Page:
I have not seen the report that you have provided to the Premier, but we, along with all members of this assembly, want to assist the Toronto police and the police services across this province in addressing these challenges.

Mr Prue: Mr Premier, I'm going to ask you again, but perhaps the minister will answer. A couple of very easy things can be done, and I've just sent a copy of that report back across the floor. One is to institute community safety programs involving the police, youth and the community -- the general neighbourhoods. Another very easy thing that can be done today is to give sufficient funds to the city or to other groups for recreation programs that will operate in the evenings and after hours so that our youth will have something to do other than to hang out on street corners.

Last week we gave you this road map; today I give it to you again. This road map is intended to transform the lives of so many of our most vulnerable citizens, so many of our young people who are at risk of death on our streets. Do you have the courage to sit in the driver's seat and take that road map where it needs to go?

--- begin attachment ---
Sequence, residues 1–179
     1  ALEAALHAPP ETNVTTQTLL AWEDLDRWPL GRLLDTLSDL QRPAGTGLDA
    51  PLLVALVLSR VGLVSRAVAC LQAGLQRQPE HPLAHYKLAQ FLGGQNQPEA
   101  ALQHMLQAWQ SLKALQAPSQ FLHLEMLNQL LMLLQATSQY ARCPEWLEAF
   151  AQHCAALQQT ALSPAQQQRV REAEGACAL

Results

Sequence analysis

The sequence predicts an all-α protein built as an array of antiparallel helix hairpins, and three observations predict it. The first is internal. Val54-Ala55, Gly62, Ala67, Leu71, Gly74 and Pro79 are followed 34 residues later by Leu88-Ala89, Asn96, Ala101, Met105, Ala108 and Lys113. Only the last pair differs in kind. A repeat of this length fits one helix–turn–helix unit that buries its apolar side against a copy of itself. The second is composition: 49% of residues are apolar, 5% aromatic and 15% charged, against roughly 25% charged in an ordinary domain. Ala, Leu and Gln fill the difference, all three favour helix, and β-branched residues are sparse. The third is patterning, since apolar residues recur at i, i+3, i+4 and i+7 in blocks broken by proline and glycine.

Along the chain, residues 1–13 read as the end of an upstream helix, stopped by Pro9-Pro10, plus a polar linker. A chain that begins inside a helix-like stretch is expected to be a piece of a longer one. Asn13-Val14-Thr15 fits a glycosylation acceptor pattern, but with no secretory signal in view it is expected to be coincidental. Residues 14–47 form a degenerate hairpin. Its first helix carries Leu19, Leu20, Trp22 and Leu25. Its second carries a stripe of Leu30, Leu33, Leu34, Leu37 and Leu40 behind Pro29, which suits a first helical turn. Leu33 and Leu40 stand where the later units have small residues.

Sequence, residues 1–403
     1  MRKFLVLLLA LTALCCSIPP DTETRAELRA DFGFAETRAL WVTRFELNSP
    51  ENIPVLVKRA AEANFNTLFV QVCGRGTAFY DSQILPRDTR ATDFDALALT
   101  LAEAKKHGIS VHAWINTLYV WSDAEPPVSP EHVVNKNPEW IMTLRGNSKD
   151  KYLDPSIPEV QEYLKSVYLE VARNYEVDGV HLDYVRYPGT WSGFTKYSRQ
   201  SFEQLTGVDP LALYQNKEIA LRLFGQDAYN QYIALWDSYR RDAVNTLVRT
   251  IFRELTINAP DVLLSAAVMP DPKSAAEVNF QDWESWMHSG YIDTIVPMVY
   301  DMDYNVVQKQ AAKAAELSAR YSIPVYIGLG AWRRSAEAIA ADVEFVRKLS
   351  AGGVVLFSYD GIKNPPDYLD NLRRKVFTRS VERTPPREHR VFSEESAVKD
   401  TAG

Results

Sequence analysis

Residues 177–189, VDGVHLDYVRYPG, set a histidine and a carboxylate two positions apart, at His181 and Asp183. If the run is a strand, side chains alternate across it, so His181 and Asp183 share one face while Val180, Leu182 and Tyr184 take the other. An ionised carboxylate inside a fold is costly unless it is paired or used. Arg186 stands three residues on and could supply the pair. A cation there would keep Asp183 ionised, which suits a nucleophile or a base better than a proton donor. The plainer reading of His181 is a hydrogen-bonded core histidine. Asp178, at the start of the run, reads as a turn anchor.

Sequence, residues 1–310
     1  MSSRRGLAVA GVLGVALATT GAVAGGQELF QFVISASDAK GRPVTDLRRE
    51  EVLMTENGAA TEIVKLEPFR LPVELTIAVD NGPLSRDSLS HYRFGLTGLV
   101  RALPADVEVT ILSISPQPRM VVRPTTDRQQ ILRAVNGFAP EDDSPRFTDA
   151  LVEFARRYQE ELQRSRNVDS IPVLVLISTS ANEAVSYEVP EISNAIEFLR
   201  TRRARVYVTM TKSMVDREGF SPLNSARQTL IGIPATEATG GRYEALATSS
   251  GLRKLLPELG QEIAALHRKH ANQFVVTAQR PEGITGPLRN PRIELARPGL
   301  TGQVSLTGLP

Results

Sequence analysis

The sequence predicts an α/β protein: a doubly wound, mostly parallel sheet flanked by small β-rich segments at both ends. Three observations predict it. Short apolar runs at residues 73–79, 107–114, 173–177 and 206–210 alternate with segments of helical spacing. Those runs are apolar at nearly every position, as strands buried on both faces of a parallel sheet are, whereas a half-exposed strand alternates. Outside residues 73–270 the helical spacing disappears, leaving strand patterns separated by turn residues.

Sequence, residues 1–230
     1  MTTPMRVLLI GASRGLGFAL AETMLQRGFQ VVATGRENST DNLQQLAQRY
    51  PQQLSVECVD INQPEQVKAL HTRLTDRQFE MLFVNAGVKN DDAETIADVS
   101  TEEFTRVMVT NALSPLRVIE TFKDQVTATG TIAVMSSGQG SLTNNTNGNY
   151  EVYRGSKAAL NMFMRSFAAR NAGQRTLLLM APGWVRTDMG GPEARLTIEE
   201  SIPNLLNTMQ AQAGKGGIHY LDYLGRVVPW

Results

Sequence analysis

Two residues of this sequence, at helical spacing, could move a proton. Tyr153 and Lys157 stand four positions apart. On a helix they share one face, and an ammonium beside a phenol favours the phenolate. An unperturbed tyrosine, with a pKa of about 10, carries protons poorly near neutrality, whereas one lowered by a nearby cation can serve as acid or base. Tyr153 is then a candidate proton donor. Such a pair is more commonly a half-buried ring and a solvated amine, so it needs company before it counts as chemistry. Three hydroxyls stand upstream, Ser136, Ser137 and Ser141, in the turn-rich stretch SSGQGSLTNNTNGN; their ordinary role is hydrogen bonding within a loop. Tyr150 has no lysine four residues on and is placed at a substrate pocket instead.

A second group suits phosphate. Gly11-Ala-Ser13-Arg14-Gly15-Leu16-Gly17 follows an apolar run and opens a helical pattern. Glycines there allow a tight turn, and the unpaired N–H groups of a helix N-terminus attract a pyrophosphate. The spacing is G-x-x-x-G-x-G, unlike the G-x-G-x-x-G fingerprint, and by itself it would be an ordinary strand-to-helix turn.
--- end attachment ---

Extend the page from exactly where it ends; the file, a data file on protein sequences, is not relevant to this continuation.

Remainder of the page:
Hon Mr Runciman: I certainly appreciate the party's input and their genuine concern about this issue. I have to say, looking at one of the references here to community policing, that I know there have been very significant efforts on the part of the Toronto Police Service, under the leadership of Chief Fantino, to reach out to the various minority communities in Toronto. I think there has been a real priority given to expansion of community policing as well in the city of Toronto.

Clearly, there is a willingness on the part of the Toronto Police Service. Meeting with the chiefs of police who are in the building today, as we speak, they are all concerned about this issue and I think they all want to work together, along with this government, with members of this assembly, to address these challenges. We welcome your input.



Mr John Gerretsen (Kingston and the Islands): My question is for the Premier. Premier, as you know, October is Ontario Community Support Month. Today we have in our gallery individuals representing different community support sectors and the people who provide the care and support services in our communities.